it’s gonna overtake. So your land is worth $100,000 as a farm, but if you’re gonna use it for a fort it’s only worth $10,000. If you don’t have to pay the $100,000, well you may take it because
you get $10,000 worth of gain. But if you have to pay the
fellow a fair market value of the property interest
taking, you won’t do it. So essentially what it
does is it makes sure, or at least improves the odds, that when the government
does take property, or does regulate, it will in fact improve overall social welfare. So you have a political function
dealing with singling out and you have an economic function dealing with the overall
improvement of government behavior from an economic point of view. – [Kim] Okay, so say I had a piece of land and the government decided that they wanted it for some purpose. What would be the legal process for the government to go
about acquiring my land? – [Eduardo] Well, the
process for eminent domain really varies by state, but typically there’s some notice that the government gives you that it intends to take your property. The government goes to court and gets an order of condemnation to take title of the property. And then often as a requirement that the government bargain with you about the value of the property. It will tell you what
it thinks the value is, the fair market value is
the standard that we use for just compensation. That’s the value that a
willing buyer would pay to a willing seller for the land. It doesn’t include things
like your sentimental value or anything like that. So it’s just the market
value of the property. There’s some back and forth through this required bargaining. If the government and the property owner can’t reach an agreement, then the government can go to court and get the court to specify
the value of the property that would aid in compensation. And then the payment is made
and the deed is transferred and the government becomes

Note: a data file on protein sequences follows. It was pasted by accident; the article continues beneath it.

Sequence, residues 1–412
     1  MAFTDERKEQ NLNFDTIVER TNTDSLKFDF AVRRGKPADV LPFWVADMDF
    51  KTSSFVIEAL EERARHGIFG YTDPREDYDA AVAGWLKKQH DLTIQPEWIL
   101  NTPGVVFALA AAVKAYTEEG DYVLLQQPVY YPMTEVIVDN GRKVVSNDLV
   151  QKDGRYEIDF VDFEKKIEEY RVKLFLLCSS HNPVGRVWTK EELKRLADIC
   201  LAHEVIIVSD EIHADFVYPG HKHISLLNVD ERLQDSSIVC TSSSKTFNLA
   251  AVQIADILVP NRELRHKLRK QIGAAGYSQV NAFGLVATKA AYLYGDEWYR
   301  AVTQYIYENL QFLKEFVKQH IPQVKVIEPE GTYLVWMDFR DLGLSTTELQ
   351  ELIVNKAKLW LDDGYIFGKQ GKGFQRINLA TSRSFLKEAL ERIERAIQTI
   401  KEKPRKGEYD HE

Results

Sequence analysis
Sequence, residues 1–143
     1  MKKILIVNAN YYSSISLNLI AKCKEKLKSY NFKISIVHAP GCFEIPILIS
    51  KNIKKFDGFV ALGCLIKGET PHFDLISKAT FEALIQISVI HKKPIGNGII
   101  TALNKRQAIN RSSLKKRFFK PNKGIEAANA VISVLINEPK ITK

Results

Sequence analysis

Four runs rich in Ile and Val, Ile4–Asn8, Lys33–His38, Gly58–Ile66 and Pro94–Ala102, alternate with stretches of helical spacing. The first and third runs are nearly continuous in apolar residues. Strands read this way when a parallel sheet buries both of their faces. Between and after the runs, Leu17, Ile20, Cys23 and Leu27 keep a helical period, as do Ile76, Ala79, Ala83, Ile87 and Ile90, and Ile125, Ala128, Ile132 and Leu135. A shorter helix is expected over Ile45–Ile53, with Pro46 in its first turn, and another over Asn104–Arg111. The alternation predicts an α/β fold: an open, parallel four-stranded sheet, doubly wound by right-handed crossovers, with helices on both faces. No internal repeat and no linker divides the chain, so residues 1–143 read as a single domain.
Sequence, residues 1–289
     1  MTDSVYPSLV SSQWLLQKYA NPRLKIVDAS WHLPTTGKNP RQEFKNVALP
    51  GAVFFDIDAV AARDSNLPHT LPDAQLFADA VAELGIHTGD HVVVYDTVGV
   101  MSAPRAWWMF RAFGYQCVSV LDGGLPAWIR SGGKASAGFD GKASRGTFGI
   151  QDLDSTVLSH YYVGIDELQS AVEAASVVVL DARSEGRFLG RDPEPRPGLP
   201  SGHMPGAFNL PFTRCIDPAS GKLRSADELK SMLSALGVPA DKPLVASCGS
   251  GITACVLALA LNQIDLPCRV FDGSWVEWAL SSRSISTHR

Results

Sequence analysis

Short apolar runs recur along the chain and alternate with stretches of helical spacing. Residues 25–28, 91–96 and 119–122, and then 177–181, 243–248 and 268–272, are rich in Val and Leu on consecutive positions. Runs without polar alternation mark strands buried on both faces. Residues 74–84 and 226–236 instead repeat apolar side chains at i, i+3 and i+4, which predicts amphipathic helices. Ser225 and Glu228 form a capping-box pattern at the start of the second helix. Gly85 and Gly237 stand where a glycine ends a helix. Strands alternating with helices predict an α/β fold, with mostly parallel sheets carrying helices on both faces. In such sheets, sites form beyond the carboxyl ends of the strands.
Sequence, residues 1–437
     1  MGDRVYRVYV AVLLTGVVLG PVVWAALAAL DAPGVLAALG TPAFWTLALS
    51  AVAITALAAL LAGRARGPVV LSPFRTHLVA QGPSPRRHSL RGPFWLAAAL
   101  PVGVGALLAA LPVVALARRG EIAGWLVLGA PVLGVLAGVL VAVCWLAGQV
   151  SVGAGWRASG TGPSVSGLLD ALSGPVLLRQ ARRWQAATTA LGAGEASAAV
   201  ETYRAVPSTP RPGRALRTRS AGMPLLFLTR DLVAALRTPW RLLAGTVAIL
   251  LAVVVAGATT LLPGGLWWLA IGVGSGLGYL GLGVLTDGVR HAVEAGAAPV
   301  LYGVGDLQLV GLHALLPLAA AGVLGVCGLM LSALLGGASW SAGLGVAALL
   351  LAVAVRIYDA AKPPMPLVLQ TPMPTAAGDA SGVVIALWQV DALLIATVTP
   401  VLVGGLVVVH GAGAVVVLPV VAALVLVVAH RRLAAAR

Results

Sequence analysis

the owner of the property. – [Kim] Interesting, so the government has gone through this process
to try to acquire my land. What if I’m a real hold-out and I just really don’t want
the government to get my land? What happens then? – [Eduardo] Well, you can
litigate various pieces of this, and again it depends a
little bit on the state law, so some states put more procedural hurdles in the way of the government, then other states make it
easier for the government. But under the Constitution
there are really only two ways you can resist the taking of your property through eminent domain. One is by arguing that the
use that the government plans to make of your property doesn’t count as a legitimate public use. Because the clause says,
“nor shall private property “be taken for public use
without just compensation.” And that public use language
has been interpreted to be a limitation on the
power of eminent domain. And then you can argue, the
second thing you can argue is that what the
government is offering you in terms of just compensation
is not adequate compensation. And you can litigate
those through the courts and that can slow the
process down quite a bit. Some states make it easier
for the government by saying, “well the government can
actually just take title, “while you litigate.” And others make you go, you know, allow you to stop the condemnation process and litigate in advance. But there’s often what’s
called a quick-take procedure which allows the government
to move more quickly and put the litigation on the back end. But the public use, if the
use is found not to be public, what you win is, you got
an actual prohibition on the taking itself. You keep your property. If you win on the just compensation side, all you get is more money,
they still take your property. (laughs) – [Kim] So, you mentioned public use. What counts as public use? – [Eduardo] Well, under the current law, any use that generates a public benefit is really a public use. So the way the court has put
it is anything the government, any purpose the government can pursue through any other means, it can pursue through eminent domain. So, if the government
wants to create jobs, or if the government wants to beautify, or if the government
wants to remove blight, all those things are things
that we think it’s legitimate for the government to try to do. If it can do those things, it can do them through the use of the
eminent domain power. – [Kim] One thing that
strikes me as interesting is just the fact that this
clause is in the Fifth Amendment among things like, double